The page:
• The five elements are the earth, water, fire, air and the space. The five senses are hearing, touching, seeing, tasting and smelling; objects of the senses are sound, touch, form and colour, taste and smell.
  • Bhagavadgita describes the distinctions between the body mind complex and the one who ‘knows’ them (shetrajna).  The Field (shetra) consists of the body, the senses and sense objects, the body's environment (Nature), and the mind.
  • All contents of the Field, namely, the body, its environment, and the mind are part of Nature and therefore inert (Bhagavad Gita, 7:4).
  • The knower of the Field (shetrajna) is Consciousness Himself and His infinitesimal projection, jiva who assumed this function within this body.
As to the interaction of the body and the mind, in the chapter called Karma Yoga, Gita says that the senses influence the body, and manas and chitta influence the senses; buddhi influences the manas and chitta, and jiva influences buddhi, which is in its turn, influenced by  jiva.
All schools of Indian philosophy emphasize the distinction between what we usually perceive in living beings and call consciousness, and Consciousness itself. The difference is that the former is fragmented. An individual’s consciousness exists only in wakeful and dreaming sleep states and knows only one thing at a time, and in general one individual does not know the conscious experience of another whereas Consciousness knows everything everywhere all the time.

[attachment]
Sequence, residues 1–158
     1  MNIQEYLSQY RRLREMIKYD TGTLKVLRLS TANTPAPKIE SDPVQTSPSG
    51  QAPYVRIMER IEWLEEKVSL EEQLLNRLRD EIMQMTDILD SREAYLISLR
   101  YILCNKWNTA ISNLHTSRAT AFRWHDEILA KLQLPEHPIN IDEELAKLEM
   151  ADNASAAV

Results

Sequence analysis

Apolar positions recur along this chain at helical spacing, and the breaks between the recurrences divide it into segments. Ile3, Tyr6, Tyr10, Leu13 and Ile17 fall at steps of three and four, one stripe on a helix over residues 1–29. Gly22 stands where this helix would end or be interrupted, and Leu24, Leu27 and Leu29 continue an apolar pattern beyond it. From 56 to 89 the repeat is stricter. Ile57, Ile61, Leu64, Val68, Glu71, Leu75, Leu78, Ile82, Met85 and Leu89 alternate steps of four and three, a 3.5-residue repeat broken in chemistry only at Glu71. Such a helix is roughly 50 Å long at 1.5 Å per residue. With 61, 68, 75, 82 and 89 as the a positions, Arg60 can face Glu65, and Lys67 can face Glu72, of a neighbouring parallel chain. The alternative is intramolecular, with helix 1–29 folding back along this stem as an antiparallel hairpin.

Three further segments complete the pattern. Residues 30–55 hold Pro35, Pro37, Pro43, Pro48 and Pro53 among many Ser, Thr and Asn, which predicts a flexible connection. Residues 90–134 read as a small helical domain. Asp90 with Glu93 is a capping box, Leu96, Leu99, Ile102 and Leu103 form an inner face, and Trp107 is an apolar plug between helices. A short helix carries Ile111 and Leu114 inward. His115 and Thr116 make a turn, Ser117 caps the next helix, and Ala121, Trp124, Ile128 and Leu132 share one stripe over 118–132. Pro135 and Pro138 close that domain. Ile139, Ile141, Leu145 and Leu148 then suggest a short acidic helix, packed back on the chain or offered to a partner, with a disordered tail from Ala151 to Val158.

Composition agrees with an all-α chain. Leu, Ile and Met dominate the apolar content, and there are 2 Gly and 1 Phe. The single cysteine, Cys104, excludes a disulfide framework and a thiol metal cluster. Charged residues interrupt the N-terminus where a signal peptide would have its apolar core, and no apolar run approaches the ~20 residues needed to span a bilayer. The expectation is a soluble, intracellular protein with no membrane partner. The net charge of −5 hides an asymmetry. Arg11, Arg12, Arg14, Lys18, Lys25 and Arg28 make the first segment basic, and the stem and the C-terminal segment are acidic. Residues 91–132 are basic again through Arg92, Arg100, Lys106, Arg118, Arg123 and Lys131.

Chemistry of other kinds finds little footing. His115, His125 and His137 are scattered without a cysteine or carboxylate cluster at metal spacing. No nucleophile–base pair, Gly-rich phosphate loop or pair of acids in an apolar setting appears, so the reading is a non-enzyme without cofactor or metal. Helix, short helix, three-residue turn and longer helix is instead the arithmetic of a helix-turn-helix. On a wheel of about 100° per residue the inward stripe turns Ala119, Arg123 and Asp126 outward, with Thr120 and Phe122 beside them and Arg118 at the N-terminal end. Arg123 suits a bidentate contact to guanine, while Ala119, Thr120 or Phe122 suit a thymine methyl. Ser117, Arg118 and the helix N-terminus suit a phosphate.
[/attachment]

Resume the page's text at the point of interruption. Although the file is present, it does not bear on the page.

Vedanta and computer analogy
The above descriptions of Consciousness, mind, and body, suggest the following analogy:
  • A living being is similar to a computer whose hardware is the physical body. The body is made up of matter. The living being has an accumulation of experiences, desires, etc. i.e., an accumulation of information in a memory which we call the mind in this paper. The mind is like a computer memory containing data and programs.
  • Just like a computer's hardware and software do not know what they are doing, their own existence, and the meaning of their memory contents, both the body and the mind of a living being also do not “really know” anything but there is a certain Consciousness (apart from the mind mentioned above) that "knows". Consciousness is like the computer operator, as it were, and the one who "really knows" everything that is going on in the living being’s life.

Similar to the computer software, the mind being an instrument, cannot act as an agent all by itself and needs initiation from an external agent, which is often, a desire/purpose (thoughts), or sensory inputs; the soul being a part of the omnipotent Consciousness can also intervene just like a computer operator can intervene in the operations of the computer.  Mind and body act on each other according to Vedanta.

One may ask, “If the mind is not conscious, how is it that we have conscious experiences in our lives?” The answer is that “appearance of consciousness” (called Chidabhasa in Sanskrit) happens because of the underlying Consciousness which produces a reflection in the mind, the memory of the living being.  The next post illustrates the answer.

1 comment: